Recent experiments with high intensity lasers are showing possibilities to generate strong magnetic fields exceeding a kiloTesla level. They are promising new studies of laser matter interaction in unexplored domain. However, the physical processes leading to generation of strong quasi-stationary currents exceeding hundreds of kiloAmperes are not sufficiently understood. In this talk we present theoretical models and target setups that can be used for generation of strong magnetic fields on nanosecond and picosecond time scale and several examples of their application in experiments.
Magnetic fields of nanosecond duration are generated in a coil connected to a laser-driven diode, which supplies a quasi-stationary electric current. We present a self-consistent model explaining generation of a strong magnetic field in such a system, which accounts for three major effects controlling the current: space charge neutralization in the diode, plasma magnetization and heating of the coil wire. The model provides the necessary conditions for transporting strongly super-Alfvenic currents in the system. Its validity is confirmed by a comparison with experimental data.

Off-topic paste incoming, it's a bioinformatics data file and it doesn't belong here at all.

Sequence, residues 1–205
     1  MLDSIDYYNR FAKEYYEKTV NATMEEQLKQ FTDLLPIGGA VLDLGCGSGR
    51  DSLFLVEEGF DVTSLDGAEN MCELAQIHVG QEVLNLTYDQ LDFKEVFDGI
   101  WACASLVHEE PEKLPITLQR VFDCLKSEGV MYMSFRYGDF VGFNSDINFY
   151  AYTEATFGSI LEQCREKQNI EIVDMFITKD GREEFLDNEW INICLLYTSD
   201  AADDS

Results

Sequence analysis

Magnetic fields induced by sub-picosecond laser pulses may exist much longer time than the laser pulse duration. Their origin is in supra-thermal electron ejection from the target or in generation of hot electron vortices. Without confinement, these magnetic fields are emitted in a form of high amplitude electromagnetic pulses presenting danger for diagnostics operation and electronic devices in the experimental chamber. In contrast, while confined within the target structure, these magnetic fields could be used for controlling electron and ion acceleration and guiding. We present a theoretical model of target charging and electromagnetic field generation followed with several examples of its application in experiments.